KOD: Album Review


By Luis De La Torre & Grethel Muralles

J. Cole’s newest album “KOD,” which was produced in a two week span, turns serious as it discusses the issue of poor mental health and how it can lead to excessive drug usage among adolescents, especially people of color due to systemic poverty within society.

“Will someone please turn off my mind, My thoughts are racing all the time, There is no reason or no rhyme, I’m trapped inside myself,” J. Cole raps on the “Intro” track. Cole establishes his own insecurities in his lyrics and opens up to the listener about the pain he feels at the very start of the album so that they can understand the message he wants to deliver. The instrumental jazz beat is reminiscent of a classic 1960’s record which emphasizes the sad tone.

The next song, “KOD,” showcases his talent as a rapper with various delivery styles, as he raps about the success he has gained despite his difficulties. With the use of trap drums, J. Cole tends to resort to quick triplet flows to relay his message to a younger generation’s taste in music.

Building off of this, on “ATM,” he reflects on his constant search for money throughout his life and how pointless it all really was. His quick-cut music video paired with cartoon like cinematography does the song justice. In it , he shows how people are infatuated with wealth and obsess over those who have it. In the end, they aspire to live lavish lifestyles but end up spending money on things they don’t need.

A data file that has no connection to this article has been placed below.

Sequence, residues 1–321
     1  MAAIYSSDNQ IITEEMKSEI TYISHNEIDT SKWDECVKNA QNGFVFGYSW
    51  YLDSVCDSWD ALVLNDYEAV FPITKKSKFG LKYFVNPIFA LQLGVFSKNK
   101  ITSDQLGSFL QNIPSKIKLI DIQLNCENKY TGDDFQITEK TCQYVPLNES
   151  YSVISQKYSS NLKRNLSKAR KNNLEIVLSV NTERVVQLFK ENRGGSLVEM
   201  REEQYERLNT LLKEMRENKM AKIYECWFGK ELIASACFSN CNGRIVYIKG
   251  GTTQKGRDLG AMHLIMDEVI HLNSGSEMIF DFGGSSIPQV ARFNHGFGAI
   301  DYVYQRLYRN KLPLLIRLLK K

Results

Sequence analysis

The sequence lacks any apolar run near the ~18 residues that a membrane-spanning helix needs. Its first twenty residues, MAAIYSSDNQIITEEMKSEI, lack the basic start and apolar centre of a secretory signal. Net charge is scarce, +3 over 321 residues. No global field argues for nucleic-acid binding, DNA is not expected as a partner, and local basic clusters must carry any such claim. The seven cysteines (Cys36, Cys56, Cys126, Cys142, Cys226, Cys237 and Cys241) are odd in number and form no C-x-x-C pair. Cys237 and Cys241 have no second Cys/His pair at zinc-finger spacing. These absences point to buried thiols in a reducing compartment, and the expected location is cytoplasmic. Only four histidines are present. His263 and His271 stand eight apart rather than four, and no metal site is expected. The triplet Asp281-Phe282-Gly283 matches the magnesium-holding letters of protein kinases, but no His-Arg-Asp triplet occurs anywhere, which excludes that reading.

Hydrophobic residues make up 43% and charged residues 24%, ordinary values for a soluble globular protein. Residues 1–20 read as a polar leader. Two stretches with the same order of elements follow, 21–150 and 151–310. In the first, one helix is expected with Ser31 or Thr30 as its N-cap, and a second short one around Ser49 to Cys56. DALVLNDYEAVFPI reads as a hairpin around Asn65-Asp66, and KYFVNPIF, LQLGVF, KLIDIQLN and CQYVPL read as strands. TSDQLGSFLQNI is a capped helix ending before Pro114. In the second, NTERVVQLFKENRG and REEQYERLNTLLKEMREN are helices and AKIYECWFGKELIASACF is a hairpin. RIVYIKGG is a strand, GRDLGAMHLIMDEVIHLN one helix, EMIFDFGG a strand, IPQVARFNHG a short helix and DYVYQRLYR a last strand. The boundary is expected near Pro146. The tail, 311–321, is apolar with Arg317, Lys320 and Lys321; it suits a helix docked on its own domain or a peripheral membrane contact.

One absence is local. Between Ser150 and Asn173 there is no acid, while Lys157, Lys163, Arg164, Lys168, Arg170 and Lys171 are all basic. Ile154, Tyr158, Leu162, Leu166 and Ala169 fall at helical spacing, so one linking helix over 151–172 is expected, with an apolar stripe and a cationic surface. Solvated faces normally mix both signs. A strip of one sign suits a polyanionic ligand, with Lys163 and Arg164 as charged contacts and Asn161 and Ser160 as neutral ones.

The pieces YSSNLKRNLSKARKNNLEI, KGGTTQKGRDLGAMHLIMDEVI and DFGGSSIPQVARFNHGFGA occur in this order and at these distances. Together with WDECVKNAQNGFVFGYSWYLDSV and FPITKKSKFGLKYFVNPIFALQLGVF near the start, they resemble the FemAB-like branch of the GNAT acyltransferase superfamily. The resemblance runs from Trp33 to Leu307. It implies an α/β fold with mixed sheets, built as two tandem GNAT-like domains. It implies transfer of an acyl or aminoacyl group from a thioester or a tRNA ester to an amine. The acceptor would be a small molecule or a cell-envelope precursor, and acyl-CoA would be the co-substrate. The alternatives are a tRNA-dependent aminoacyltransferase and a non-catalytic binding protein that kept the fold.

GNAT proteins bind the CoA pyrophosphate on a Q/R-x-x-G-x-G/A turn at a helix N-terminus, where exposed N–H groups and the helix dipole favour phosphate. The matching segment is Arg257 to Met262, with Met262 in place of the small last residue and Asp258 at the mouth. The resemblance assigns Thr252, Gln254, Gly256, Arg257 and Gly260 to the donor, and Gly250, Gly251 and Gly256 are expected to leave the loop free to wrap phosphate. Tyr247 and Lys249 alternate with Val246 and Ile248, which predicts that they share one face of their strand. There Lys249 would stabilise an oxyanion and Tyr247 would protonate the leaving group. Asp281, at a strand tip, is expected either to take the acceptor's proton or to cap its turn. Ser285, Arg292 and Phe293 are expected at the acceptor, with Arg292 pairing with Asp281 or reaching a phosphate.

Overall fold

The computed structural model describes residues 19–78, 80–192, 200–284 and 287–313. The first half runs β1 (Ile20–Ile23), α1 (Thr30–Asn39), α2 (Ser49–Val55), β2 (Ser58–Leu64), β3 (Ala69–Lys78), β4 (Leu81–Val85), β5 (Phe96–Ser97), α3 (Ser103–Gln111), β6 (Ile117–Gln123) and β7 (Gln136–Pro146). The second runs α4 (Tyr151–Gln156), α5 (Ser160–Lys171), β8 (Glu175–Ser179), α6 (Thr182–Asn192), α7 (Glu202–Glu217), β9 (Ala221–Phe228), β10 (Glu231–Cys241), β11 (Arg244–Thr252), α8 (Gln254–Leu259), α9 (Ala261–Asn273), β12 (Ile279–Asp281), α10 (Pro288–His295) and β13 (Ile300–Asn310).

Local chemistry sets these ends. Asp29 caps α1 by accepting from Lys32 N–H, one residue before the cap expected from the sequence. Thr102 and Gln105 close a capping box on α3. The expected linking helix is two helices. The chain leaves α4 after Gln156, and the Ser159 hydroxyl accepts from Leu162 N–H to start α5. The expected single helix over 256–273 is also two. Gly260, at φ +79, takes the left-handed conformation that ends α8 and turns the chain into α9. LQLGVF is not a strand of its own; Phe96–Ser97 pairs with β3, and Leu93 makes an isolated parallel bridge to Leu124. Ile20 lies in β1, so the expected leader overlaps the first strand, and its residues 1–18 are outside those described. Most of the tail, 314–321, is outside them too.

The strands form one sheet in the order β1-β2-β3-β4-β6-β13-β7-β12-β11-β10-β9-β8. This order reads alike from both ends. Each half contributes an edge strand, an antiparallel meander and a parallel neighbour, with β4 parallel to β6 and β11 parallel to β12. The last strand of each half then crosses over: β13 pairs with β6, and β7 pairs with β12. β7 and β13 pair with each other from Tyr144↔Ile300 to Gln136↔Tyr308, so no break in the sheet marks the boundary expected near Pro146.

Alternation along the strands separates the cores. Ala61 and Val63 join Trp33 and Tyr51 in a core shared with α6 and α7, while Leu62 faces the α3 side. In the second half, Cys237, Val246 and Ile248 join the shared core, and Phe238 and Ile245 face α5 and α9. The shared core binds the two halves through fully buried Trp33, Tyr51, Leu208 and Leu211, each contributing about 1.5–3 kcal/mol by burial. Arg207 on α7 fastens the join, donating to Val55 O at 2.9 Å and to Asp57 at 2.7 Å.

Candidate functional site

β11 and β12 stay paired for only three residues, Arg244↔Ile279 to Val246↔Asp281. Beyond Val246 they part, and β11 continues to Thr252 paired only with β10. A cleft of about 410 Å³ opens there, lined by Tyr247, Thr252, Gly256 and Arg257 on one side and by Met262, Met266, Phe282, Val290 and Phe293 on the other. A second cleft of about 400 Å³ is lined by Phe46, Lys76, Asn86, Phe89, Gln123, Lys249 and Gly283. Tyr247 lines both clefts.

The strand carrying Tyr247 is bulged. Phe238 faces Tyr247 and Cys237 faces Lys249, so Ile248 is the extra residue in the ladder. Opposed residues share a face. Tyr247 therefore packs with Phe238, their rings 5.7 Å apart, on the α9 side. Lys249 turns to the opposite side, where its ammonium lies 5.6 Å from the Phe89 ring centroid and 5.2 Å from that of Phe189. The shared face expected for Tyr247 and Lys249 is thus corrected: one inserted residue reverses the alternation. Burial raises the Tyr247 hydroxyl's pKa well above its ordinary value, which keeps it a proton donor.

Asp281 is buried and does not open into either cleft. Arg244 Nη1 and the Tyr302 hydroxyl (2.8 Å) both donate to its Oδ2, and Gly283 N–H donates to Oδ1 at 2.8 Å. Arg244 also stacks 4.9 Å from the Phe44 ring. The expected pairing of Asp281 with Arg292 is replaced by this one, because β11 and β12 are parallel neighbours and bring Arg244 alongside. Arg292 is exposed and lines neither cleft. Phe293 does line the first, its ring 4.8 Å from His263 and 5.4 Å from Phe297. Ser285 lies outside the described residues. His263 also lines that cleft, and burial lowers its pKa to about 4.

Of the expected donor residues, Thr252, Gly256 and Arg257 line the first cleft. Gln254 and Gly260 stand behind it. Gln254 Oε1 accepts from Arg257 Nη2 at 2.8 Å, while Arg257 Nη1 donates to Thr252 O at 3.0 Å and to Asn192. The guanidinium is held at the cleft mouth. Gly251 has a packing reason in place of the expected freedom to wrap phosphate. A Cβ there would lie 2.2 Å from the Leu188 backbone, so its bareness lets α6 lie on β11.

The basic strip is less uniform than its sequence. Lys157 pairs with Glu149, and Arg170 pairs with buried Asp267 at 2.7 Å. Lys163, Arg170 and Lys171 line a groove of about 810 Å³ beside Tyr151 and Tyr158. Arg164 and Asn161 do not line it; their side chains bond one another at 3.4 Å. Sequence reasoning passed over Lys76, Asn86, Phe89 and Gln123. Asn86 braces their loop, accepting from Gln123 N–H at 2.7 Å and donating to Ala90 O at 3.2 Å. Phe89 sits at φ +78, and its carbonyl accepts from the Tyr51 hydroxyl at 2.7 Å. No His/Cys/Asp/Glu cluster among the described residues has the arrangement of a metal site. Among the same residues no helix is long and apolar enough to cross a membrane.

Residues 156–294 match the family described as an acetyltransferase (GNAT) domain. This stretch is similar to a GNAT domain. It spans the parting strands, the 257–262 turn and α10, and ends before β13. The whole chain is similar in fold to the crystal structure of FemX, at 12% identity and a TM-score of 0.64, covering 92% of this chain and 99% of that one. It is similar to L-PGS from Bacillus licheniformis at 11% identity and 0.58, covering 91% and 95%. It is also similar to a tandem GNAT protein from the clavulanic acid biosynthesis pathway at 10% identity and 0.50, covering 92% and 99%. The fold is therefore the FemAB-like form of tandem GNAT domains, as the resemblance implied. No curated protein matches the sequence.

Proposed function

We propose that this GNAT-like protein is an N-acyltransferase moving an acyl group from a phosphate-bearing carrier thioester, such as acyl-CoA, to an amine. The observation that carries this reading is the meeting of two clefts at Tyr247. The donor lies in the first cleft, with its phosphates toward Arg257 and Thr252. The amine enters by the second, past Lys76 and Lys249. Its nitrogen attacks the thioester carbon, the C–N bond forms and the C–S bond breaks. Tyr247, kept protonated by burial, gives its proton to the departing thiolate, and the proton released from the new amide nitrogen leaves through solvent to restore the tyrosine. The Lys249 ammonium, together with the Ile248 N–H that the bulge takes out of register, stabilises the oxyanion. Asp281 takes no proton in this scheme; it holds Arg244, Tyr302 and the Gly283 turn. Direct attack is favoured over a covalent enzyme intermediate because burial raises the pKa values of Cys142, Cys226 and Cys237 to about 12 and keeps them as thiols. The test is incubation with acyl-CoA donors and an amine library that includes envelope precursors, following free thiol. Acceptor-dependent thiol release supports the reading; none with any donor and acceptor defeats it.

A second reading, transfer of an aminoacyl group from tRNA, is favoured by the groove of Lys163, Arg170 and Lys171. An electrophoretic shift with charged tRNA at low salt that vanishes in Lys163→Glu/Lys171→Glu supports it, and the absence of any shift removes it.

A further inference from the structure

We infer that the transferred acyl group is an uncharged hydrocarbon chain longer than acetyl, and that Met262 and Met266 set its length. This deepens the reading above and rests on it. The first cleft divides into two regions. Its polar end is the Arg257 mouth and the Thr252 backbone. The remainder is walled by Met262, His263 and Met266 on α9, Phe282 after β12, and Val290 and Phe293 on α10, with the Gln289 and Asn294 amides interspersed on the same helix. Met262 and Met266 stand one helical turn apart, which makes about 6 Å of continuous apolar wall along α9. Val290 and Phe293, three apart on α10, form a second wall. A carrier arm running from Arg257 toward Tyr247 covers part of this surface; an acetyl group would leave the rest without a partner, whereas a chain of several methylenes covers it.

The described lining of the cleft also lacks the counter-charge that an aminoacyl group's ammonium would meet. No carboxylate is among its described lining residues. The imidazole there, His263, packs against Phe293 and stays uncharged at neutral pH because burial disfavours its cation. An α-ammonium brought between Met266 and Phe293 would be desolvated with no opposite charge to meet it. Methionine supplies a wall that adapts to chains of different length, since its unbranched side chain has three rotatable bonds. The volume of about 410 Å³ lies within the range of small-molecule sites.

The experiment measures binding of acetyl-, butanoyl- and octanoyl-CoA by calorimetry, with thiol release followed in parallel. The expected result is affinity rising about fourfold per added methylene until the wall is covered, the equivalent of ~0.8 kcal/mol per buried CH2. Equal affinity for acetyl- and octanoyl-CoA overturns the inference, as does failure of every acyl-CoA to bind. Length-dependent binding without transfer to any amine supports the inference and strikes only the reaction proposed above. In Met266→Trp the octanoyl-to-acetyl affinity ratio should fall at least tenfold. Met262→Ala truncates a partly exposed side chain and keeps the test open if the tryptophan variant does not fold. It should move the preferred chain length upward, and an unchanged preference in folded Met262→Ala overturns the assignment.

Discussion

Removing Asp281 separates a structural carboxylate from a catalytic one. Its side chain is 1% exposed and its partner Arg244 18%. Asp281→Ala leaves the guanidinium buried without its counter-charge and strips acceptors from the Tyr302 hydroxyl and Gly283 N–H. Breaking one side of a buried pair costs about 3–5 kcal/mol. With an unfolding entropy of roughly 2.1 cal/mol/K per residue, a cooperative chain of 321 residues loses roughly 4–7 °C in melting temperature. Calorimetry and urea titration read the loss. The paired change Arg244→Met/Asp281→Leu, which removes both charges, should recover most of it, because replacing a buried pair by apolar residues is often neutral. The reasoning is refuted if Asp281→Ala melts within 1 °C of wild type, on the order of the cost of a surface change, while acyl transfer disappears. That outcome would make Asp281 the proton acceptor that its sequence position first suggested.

In “The Cut Off” J. Cole transitions to a mellow R&B tone, while using a traditional slow boom-bap beat with piano keys. With the lyrics, “I had to cut some people off ‘cause they was using me/ My heart is big, I want to give too much,” J. Cole speaks about eliminating toxic friendships in which the “friend” only contacts him when he needs something from him. This track speaks to his overall message about how others can add negativity to your life and even fuel mental health issues.

Throughout the album the only artist featured is kiLL edward, which may not be considered a feature at all. Some of his verses are simply Cole’s vocals but slowed down, which can be shown as a metaphorical conflict between himself and the other side of him portrayed as edward.

J. Cole touches on what has caused him so much grief in his life with “Once An Addict.” J. Cole shares the problem with his mother being an alcoholic leading to his drug abuse dangerous living.

In the song “Friends,” J. Cole shares the experience of his friends and himself dealing with depression and turning towards drugs to cope. He goes on to call out not just friends, but his fans as well, those who may be struggling with depression and addiction.

With the outro “Window Pain,” J. Cole begins the song with a narrative that creates a tone similar to an apology letter to those who surround him. It becomes a reflection about his childhood and the things he’s seen that have made him the man he is now.

Overall in “KOD,” J. Cole address the taboos of drug abuse, gun violence, depression, and toxic relationships. All of which are topics that many artists prefer not to speak about, but simultaneously create the phenomenon around J. Cole’s music.

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